Scoliosis, an abnormal spinal curvature, is a back problem affecting approximately three percent of the American population. The symptoms vary widely, depending on the type of scoliosis and the degree of the spinal curve. The Spine Center provides individualized treatment for our Chicago area patients. In many cases, scoliosis can be managed without surgery. When surgical intervention is indicated, we use advanced, minimally invasive techniques. Request an appointment for consultation and more information on how we can help you.
Who Is At Risk For Scoliosis?
Scoliosis is not common among the general population, but it is strongly influenced by genetic factors. If scoliosis runs in your family, it is advisable to have your spine examined by a specialist. Similarly, parents are encouraged to have their children checked if scoliosis is known to be present on either side of the family.
- Childhood scoliosis is most common, and it usually goes undetected. Children rarely experience painful symptoms unless the spinal curve is straining or compressing organs, joints, or muscles. Parents may notice visible signs, such as uneven shoulders or an inability to stand straight.
- In some cases, scoliosis does not develop until adulthood. Often, it is not actually a new problem, but rather a deterioration of mild, undetected scoliosis that began in childhood. If it continues to progress without treatment, it can cause pain, deformity, limited mobility, and even breathing problems or organ damage.
What Causes Scoliosis?
Children’s Hospital of Philadelphia notes that “idiopathic [i.e., spontaneously arising] scoliosis is the most common spinal deformity in the world.” While even the most diligent researchers haven’t been able to point to a definitive cause of scoliosis, most cases of scoliosis occur due to genetic factors as we stated in the previous section. However, genetics isn’t the only reason why a patient may develop the condition.
Certain prenatal spinal deformities can lead to congenital scoliosis. When the spine doesn’t develop evenly, the lopsided result causes something called hemivertebra, a common cause of scoliosis. Developmental difficulties can cause spinal segments to fuse, which leads to so-called block vertebrae. These vertebrae have missing disc spaces and simply fail to continue growing. The canted angles they cause lead to scoliosis.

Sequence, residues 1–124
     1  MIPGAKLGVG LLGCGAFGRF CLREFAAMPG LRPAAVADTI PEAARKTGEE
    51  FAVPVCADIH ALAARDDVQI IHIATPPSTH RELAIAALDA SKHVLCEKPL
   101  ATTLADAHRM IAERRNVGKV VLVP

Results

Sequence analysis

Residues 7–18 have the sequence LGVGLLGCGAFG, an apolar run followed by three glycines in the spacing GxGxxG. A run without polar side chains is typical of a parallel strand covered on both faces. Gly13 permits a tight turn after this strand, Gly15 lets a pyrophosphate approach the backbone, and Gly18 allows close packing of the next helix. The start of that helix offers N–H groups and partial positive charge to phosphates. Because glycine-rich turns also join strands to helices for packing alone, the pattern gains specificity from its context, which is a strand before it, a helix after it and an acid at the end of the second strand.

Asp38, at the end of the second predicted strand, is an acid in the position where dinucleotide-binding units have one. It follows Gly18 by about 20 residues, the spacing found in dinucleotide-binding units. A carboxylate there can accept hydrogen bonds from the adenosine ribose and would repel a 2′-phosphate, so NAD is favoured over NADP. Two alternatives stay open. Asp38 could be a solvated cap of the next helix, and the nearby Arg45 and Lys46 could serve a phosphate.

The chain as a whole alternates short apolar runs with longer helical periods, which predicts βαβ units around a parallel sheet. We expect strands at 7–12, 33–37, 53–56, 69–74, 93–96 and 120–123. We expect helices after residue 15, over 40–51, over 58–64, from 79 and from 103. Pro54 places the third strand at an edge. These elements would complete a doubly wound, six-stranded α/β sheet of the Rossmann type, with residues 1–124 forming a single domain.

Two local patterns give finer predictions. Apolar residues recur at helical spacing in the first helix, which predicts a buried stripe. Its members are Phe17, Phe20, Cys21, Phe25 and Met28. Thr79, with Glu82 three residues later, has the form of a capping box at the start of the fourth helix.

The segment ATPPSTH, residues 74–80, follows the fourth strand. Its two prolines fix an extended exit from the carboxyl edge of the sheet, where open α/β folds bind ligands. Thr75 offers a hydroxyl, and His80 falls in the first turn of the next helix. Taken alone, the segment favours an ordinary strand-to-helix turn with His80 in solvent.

Sometimes scoliosis results from neuromuscular conditions such as spina bifida, osteochondral dystrophy, neurofibromatosis, trisomy 21, Ehlers-Danlos syndrome, Marfan’s syndrome, and various other syndromes can also lead to a scoliosis diagnosis. Patients who believe they might have scoliosis should make sure that any potentially health conditions have been identified and addressed.
Finally, degenerating discs can cause the spine to shift, throwing the bones into a configuration that leads to scoliosis. Unlike many other forms of scoliosis, this type happens later in life, usually affects mature adults, and typically appears in the lower back. Comorbidities often include arthritis or degenerative disc disease.
As which happens with many illnesses and disorders, a number of scientifically unsupported anecdotes have cropped up around scoliosis. Rest assured that the condition isn’t caused by carrying a heavy backpack exclusively on one shoulder or by habitually poor posture.
What Are the Symptoms of Scoliosis?
While the physical symptoms of scoliosis are fairly uniform, the experiences of individual patients can differ widely. Scoliosis typically presents with uneven shoulders (a single shoulder blade that seems higher than the other), canted hips, or an asymmetric prominence on one side of the ribs or low back. Patients may not even be aware that they have the disorder — or they may find themselves in extreme discomfort.
Why? The extent of the spine’s deformity will determine how many issues a patient will face. Minor spinal curvature may not result in any symptoms whatsoever. More severe curvature can cause serious discomfort and even symptoms similar to sciatica, particularly if a patient is dealing with degenerative scoliosis. Such sufferers may experience stiffness, trouble walking, or shooting pains.
Scoliosis may also cause issues with internal organs. More severe spinal deformity can put pressure on the heart and lungs. In extreme cases, patients sometimes experience shortness of breath or elevated heart rates.
While most people won’t experience these more troubling symptoms, they may undergo changes in their appearance. Most identifications of scoliosis occur when a third-party notices that a patient has an elevated shoulder, a sideways slant to the waist, a protruding rib cage, or higher hips. The disorder can also cause changes to one’s gait.
When detected early, especially during childhood, scoliosis can usually be managed with nonsurgical techniques such as braces and therapy. However, severe scoliosis may require surgery to correct or prevent deformity, severe pain, and other effects. Spinal fusion is commonly used in scoliosis treatment, because it stabilizes the back, provides support, and protects nerves from compression.
If you think you may have scoliosis, or if you have been diagnosed and you are seeking minimally invasive treatments, call The Spine Center at (847) 628-8147 for a consultation.